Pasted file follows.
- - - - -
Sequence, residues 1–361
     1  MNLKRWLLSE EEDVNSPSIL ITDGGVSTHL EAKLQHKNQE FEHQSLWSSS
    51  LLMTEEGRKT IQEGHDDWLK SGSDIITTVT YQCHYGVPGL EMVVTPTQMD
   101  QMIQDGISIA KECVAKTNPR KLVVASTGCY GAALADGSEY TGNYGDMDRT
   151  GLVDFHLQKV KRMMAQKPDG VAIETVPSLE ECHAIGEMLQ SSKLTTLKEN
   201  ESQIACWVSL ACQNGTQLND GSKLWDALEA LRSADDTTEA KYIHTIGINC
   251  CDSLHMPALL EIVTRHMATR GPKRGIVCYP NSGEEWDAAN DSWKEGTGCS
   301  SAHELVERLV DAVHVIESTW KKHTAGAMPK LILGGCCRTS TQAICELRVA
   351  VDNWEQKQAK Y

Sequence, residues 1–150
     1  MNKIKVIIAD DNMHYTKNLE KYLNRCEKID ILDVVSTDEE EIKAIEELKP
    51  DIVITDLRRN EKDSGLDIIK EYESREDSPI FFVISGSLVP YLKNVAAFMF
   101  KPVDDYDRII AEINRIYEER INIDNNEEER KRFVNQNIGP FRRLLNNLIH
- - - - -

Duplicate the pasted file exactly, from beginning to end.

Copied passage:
Sequence, residues 1–361
     1  MNLKRWLLSE EEDVNSPSIL ITDGGVSTHL EAKLQHKNQE FEHQSLWSSS
    51  LLMTEEGRKT IQEGHDDWLK SGSDIITTVT YQCHYGVPGL EMVVTPTQMD
   101  QMIQDGISIA KECVAKTNPR KLVVASTGCY GAALADGSEY TGNYGDMDRT
   151  GLVDFHLQKV KRMMAQKPDG VAIETVPSLE ECHAIGEMLQ SSKLTTLKEN
   201  ESQIACWVSL ACQNGTQLND GSKLWDALEA LRSADDTTEA KYIHTIGINC
   251  CDSLHMPALL EIVTRHMATR GPKRGIVCYP NSGEEWDAAN DSWKEGTGCS
   301  SAHELVERLV DAVHVIESTW KKHTAGAMPK LILGGCCRTS TQAICELRVA
   351  VDNWEQKQAK Y

Sequence, residues 1–150
     1  MNKIKVIIAD DNMHYTKNLE KYLNRCEKID ILDVVSTDEE EIKAIEELKP
    51  DIVITDLRRN EKDSGLDIIK EYESREDSPI FFVISGSLVP YLKNVAAFMF
   101  KPVDDYDRII AEINRIYEER INIDNNEEER KRFVNQNIGP FRRLLNNLIH